Most people have the natural tendency to jump away when they see a tarantula crawling toward their feet. They do not need the time to process whether the tarantula was poisonous or how likely it is that it will bite them in the ankle. However, in more complex risky situations, this fight-or-flight response is not enough to lead us to rewarding decisions. So what does? That is the question that I have continued to explore in my research. In particular, from a communication perspective, what leads people to attend to risk information and make informed decisions?
To answer this question throughout theoretical development, I’m part of a group of researchers who continue to test and refine the model of Risk Information Seeking and Processing (RISP), developed by Robert Griffin, Sharon Dunwoody, and Kurt Neuwirth in 1999. Empirically, I have conducted research in health contexts including cancer clinical trials, STD and condom use, and the H1N1 pandemic; environmental contexts including renewable energy, urban watershed, and climate change; as well as other risk contexts including the establishment of research facilities for emerging technologies in rural communities.
In most of these studies, I have found that risk perception is not only shaped by an individual’s cognitive evaluation of the potential hazard, but also his or her emotional responses to the possible harm. More importantly, as research context varies, what leads people to seek out risk information and process the information carefully is often not their need to know more about the risk, but their need to fulfill other people’s expectations or to better manage the emotions they experience when making a decision under uncertainty.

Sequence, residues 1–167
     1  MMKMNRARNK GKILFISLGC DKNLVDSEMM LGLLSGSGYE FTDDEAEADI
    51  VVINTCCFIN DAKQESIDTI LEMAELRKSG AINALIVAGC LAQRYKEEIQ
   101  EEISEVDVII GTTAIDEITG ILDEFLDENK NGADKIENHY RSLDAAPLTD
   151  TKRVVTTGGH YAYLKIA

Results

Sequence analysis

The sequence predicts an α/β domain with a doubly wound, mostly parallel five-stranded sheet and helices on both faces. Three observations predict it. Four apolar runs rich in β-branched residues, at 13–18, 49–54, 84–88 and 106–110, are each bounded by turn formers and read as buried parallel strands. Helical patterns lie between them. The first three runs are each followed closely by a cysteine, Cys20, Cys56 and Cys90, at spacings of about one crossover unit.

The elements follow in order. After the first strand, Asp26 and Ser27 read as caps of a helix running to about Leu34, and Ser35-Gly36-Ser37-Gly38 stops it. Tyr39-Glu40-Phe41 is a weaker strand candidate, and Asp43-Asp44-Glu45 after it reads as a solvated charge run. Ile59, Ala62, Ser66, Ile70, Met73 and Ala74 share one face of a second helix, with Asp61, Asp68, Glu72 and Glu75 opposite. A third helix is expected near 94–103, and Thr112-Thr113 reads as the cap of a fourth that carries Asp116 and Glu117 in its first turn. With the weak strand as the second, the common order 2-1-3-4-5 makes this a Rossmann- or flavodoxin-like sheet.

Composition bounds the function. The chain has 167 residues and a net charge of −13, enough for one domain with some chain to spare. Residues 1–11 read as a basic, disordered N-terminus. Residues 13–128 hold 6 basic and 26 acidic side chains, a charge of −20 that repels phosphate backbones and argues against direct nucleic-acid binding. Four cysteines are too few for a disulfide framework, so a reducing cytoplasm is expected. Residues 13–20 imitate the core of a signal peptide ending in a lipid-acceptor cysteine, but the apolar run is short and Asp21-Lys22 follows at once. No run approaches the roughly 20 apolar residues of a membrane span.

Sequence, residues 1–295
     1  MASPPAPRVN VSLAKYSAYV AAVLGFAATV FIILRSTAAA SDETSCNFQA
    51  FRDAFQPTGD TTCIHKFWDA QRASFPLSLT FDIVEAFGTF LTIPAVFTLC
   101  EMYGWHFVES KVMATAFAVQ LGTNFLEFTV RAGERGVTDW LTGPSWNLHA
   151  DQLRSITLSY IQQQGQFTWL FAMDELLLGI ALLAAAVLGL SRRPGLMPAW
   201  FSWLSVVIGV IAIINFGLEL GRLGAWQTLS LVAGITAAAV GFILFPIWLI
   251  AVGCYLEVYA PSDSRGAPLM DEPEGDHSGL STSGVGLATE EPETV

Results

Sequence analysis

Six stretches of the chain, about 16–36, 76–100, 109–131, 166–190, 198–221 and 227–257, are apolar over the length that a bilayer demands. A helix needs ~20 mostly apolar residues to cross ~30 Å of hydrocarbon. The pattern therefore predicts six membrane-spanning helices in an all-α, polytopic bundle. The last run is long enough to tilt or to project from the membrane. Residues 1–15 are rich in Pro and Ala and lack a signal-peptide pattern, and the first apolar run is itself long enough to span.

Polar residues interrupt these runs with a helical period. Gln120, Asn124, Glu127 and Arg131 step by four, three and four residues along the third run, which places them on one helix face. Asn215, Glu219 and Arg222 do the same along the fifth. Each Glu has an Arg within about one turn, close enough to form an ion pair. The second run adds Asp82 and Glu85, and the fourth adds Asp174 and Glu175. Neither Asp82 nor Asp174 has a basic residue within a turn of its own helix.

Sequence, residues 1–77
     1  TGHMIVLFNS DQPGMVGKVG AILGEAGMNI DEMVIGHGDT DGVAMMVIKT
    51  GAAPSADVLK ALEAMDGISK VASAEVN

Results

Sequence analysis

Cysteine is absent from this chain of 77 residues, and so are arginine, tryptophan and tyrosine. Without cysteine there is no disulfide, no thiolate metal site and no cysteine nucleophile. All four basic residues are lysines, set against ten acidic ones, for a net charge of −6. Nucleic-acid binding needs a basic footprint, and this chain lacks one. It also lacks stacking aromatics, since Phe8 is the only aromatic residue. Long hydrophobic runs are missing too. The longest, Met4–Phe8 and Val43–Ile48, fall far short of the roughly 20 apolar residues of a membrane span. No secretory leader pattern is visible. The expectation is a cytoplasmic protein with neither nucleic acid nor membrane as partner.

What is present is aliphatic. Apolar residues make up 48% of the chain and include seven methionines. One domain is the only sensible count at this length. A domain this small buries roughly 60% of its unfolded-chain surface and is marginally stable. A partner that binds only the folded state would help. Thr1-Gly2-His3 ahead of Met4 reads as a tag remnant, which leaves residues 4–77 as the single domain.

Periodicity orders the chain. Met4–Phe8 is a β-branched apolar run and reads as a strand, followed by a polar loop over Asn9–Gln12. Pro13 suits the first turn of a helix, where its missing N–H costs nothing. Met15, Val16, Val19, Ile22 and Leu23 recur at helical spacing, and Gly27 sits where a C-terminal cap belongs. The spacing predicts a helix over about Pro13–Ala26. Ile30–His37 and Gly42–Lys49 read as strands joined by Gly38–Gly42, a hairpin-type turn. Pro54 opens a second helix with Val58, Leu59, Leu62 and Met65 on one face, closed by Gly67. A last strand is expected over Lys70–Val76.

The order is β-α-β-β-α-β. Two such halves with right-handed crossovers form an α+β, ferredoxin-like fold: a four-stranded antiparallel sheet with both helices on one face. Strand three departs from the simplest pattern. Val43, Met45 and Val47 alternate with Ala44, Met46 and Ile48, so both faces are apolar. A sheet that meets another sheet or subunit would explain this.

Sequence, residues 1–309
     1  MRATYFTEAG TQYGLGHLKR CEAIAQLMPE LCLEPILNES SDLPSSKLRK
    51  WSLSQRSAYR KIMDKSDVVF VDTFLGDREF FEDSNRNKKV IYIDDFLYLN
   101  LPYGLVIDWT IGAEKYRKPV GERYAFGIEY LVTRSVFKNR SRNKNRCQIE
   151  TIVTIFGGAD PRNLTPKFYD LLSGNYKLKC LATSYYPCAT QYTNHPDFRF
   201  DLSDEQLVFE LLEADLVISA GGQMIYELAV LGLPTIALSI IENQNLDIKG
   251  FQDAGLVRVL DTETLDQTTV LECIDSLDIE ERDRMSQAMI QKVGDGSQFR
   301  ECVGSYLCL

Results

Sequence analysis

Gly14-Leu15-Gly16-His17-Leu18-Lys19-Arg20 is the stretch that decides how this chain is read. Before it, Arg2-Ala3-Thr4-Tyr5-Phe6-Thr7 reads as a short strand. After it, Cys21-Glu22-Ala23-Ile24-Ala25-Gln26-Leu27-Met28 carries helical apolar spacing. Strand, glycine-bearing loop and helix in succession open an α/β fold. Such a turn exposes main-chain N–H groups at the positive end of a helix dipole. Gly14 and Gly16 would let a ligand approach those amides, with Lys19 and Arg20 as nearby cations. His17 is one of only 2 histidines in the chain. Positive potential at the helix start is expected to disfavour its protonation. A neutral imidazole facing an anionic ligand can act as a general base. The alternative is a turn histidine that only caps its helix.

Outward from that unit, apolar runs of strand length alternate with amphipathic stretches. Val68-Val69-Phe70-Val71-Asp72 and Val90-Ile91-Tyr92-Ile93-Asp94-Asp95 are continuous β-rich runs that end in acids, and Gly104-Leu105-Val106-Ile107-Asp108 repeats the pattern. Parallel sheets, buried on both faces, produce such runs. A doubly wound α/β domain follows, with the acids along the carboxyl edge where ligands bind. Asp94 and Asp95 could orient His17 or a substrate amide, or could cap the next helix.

For instance, in a project funded by the Leukemia and Lymphoma Society (LLS), I conducted a nationally representative survey of American adults and a survey of LLS members to compare the sociopsychological factors that influenced enrollment decisions among healthy adults and cancer patients. Findings from the project showed that even though systematic processing of enrollment information and normative beliefs played central roles in influencing healthy adults’ decisions to enroll in a trial, emotions had a stronger impact on cancer patients’ decisions. In particular, cancer patients who felt optimistic when thinking about enrolling in a clinical trial were more likely to hold favorable attitudes toward enrollment and enroll in a future trial.
In addition, cultural values and macro-level social structure also influence risk information seeking. In a recent study that examines cultural differences in risk perceptions and how these differences influence individuals’ intentions to seek information about climate change, I found that even though Chinese respondents were more likely to hold pro-environmental attitudes, their American counterparts were much more likely to be influenced by their attitudes toward the environment when gauging the potential risks from climate change and whether they should learn more about climate change. The gap between general concern about the environment and specific concern about climate change in the Chinese society might account for this difference.
Recently, I submitted a grant proposal to explore how risk information-processing styles influence people’s attribution of responsibility for mitigating the impact of climate change. This project will advance RISP-based research by experimentally manipulating research subjects’ confidence in how much they know about climate change, as well as refining measurement for information-processing styles through survey questionnaire.
Janet Yang concentrates her research on the communication of risk information related to science, health, and environmental issues.